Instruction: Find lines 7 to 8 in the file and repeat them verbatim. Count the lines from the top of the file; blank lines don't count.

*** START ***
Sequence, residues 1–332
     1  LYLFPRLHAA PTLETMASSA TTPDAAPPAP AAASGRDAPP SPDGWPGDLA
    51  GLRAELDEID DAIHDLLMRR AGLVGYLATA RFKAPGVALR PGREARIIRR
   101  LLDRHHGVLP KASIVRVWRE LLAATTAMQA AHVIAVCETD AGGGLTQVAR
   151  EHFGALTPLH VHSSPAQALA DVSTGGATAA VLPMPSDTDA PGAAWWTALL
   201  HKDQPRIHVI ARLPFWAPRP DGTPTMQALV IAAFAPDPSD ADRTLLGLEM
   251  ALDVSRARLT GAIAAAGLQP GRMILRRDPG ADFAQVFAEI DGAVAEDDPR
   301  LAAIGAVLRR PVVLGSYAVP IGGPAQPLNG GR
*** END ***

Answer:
   251  ALDVSRARLT GAIAAAGLQP GRMILRRDPG ADFAQVFAEI DGAVAEDDPR
   301  LAAIGAVLRR PVVLGSYAVP IGGPAQPLNG GR